July 16, 2020
Competition today is fierce across all industries. Time, money, and resources are not easy to come by, new protocols disrupt and add costs, and playing the pricing game is a race to the bottom. Meanwhile, there’s an ever-rising demand for sustainability and a shift to a circular economy. Businesses are expected to be as efficient and environmentally-friendly as possible.
In such challenging socio-economic conditions, organizations are being forced to refine, restructure, and reinvent existing operations. The only way for businesses to survive is by doing what they do more effectively and with less waste. Change is constant and swift, forcing companies to scramble to adapt. The good news is businesses that do act in time can expect to ride the wave without sinking. How are companies thriving in today’s climate? Resource optimization.
Organizations constantly over-utilize and under-utilize resources. These resources may be in the form of time, money, manpower, physical goods, machinery, and transportation. Making efficient use of resources – allocating exactly the resources needed to carry out a task or meet a goal – minimizes waste. It also makes resources available for other critical tasks. The process of matching available resources to achieve organizational goals with maximum efficiency, in line with modern business models and studied methods, is known as resource optimization.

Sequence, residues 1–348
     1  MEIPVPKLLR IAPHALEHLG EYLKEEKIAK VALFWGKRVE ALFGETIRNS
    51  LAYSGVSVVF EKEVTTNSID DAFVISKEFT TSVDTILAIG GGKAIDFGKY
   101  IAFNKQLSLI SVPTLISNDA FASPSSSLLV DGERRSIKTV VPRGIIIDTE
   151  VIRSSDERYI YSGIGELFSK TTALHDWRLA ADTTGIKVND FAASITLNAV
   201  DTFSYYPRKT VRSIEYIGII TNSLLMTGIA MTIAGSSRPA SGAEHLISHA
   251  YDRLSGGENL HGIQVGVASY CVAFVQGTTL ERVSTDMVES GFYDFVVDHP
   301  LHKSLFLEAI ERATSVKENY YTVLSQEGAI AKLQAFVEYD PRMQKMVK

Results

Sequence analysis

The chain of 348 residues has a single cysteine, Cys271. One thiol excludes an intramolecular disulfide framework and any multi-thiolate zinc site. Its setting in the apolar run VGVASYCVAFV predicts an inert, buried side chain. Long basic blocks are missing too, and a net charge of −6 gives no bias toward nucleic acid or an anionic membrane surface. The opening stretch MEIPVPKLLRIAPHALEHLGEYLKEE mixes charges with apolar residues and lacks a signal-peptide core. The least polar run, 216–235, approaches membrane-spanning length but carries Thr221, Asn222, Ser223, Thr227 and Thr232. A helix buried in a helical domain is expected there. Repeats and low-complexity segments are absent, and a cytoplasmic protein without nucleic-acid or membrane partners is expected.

Traditionally, companies are seen as being made up of loosely-linked, independent departments. Every department is responsible for managing itself, having its own funding, and sets of resources. The departments don’t often interact or share resources directly, and every department is expected to handle their own emergencies. Further, the data available to a department isn’t always immediately available to other departments. In short, organizations most often run as systemic hierarchies.
Resource optimization requires taking a more holistic vision of the organization. Organizations are seen as a network of projects, all working toward achieving the same goal. Projects become interlinked, drawing from the same pool resources. Resources become a shared, finite pool to be allocated when necessary. It’s all about assigning a project the resources it needs to succeed in the correct order of priority, without depriving other projects. Information, materials, and resources all flow seamlessly between the various stakeholders in the business process.
Optimizing has become much easier in recent years, thanks in no small part to real-time data gathering, artificial intelligence, and communication advances – like SR’s very own instant measurement system. Increasing computing power and the IoT makes optimization accessible to almost every business at a reduced cost.